“They will take what comes to them. That is what they are paid for. I shall not appear in the matter.”
“Unless I bring you into it.”
“No, no, you would not. You are a gentleman. It is a woman’s secret.”
“In the first place, you must give back this manuscript.”
She broke into a ripple of laughter and walked to the fireplace. There was a calcined mass which she broke up with the poker. “Shall I give this back?” she asked. So roguish and exquisite did she look as she stood before us with a challenging smile that I felt of all Holmes’s criminals this was the one whom he would find it hardest to face. However, he was immune from sentiment.
“That seals your fate,” he said coldly. “You are very prompt in your actions, madame, but you have overdone it on this occasion.”
She threw the poker down with a clatter.
“How hard you are!” she cried. “May I tell you the whole story?”
“I fancy I could tell it to you.”
“But you must look at it with my eyes, Mr. Holmes. You must realize it from the point of view of a woman who sees all her life’s ambition about to be ruined at the last moment. Is such a woman to be blamed if she protects herself?”
“The original sin was yours.”
“Yes, yes! I admit it. He was a dear boy, Douglas, but it so chanced that he could not fit into my plans. He wanted marriage -marriage, Mr. Holmes — with a penniless commoner. Nothing less would serve him. Then he became pertinacious. Because I had given he seemed to think that I still must give, and to him only. It was intolerable. At last I had to make him realize it.”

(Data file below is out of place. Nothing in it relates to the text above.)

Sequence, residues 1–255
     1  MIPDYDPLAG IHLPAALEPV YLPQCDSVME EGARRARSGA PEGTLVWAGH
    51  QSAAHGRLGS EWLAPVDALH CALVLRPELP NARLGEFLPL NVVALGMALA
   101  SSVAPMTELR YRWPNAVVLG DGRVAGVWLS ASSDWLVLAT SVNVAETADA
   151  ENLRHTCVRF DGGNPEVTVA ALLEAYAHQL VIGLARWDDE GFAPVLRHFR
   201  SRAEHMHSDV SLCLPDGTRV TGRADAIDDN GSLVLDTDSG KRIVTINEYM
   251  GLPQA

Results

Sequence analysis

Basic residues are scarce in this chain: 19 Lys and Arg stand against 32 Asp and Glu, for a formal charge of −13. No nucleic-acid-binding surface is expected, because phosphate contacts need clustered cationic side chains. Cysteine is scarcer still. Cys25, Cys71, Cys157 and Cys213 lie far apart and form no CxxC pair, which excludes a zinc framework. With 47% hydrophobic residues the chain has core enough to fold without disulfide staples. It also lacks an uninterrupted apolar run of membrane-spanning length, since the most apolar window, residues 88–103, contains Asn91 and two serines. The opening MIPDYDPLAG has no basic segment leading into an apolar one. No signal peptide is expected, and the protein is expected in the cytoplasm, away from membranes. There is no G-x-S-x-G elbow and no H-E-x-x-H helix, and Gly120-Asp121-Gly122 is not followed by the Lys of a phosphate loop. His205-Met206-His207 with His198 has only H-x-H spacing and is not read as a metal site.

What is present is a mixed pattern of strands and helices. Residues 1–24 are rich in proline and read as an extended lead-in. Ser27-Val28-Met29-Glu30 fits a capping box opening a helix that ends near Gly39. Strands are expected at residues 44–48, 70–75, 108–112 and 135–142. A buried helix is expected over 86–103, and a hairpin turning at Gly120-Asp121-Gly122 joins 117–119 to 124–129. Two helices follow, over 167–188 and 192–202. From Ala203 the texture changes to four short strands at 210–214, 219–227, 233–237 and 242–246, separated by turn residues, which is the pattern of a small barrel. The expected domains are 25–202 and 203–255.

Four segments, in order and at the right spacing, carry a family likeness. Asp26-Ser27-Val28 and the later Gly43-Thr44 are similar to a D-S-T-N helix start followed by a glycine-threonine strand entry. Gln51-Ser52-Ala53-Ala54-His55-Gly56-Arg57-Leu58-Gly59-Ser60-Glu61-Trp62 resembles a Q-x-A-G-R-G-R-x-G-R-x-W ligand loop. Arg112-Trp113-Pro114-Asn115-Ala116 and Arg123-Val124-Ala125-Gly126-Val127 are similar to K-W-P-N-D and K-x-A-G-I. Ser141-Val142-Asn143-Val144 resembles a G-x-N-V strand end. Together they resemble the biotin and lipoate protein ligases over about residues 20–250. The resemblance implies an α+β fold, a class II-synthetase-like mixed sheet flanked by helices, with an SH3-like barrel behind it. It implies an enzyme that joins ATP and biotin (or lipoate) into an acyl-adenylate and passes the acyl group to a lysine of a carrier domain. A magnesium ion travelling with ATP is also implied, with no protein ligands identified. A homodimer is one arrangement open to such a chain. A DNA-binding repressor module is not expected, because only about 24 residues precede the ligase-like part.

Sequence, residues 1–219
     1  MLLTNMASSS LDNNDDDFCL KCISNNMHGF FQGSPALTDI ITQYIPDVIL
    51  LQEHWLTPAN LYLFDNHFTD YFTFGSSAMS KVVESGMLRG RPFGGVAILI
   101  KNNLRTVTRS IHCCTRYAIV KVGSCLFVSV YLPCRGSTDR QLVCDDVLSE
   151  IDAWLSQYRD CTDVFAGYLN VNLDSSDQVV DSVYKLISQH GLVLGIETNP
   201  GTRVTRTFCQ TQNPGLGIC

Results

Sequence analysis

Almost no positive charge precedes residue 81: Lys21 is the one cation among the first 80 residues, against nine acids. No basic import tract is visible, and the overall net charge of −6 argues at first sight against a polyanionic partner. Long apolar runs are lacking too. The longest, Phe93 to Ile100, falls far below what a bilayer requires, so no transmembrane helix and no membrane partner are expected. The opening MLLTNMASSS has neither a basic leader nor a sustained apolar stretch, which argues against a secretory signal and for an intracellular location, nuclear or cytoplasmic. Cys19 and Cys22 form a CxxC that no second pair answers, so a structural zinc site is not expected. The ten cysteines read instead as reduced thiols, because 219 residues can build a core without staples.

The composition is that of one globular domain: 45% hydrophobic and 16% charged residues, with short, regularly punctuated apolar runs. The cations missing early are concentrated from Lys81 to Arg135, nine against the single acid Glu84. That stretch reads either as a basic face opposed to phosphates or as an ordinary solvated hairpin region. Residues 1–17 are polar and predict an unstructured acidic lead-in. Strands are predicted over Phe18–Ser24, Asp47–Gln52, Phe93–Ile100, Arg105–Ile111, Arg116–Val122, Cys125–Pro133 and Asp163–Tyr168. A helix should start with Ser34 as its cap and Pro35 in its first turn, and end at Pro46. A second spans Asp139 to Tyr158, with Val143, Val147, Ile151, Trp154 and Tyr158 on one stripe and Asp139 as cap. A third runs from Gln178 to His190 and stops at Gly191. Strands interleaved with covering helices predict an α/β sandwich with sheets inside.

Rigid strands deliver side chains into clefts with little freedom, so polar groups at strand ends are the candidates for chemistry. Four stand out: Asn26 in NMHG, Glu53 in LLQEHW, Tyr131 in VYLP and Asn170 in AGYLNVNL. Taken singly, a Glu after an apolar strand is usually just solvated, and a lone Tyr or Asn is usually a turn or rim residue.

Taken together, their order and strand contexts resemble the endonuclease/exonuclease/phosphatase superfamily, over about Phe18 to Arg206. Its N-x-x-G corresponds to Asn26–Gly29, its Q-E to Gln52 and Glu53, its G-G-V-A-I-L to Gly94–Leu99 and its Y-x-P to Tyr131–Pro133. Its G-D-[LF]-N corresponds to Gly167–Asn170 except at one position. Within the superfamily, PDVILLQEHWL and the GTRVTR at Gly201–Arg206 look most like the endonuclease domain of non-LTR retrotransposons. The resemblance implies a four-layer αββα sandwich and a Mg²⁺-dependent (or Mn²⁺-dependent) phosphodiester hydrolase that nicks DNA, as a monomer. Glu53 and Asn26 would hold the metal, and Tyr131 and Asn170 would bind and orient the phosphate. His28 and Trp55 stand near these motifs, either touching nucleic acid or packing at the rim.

“By hiring ruffians to beat him under your own window.”
“You do indeed seem to know everything. Well, it is true. Barney and the boys drove him away, and were, I admit, a little rough in doing so. But what did he do then? Could I have believed that a gentleman would do such an act? He wrote a book in which he described his own story. I, of course, was the wolf; he the lamb. It was all there, under different names, of course; but who in all London would have failed to recognize it? What do you say to that, Mr. Holmes?”
“Well, he was within his rights.”
“It was as if the air of Italy had got into his blood and brought with it the old cruel Italian spirit. He wrote to me and sent me a copy of his book that I might have the torture of anticipation. There were two copies, he said — one for me, one for his publisher.”
“How did you know the publisher’s had not reached him?”
“I knew who his publisher was. It is not his only novel, you know. I found out that he had not heard from Italy. Then came Douglas’s sudden death. So long as that other manuscript was in the world there was no safety for me. Of course, it must be among his effects, and these would be returned to his mother. I set the gang at work. One of them got into the house as servant. I wanted to do the thing honestly. I really and truly did. I was ready to buy the house and everything in it. I offered any price she cared to ask. I only tried the other way when everything else had failed. Now, Mr. Holmes, granting that I was too hard on Douglas — and, God knows, I am sorry for it! — what else could I do with my whole future at stake?”
Sherlock Holmes shrugged his shoulders.
“Well, well,” said he, “I suppose I shall have to compound a felony as usual. How much does it cost to go round the world in first-class style?”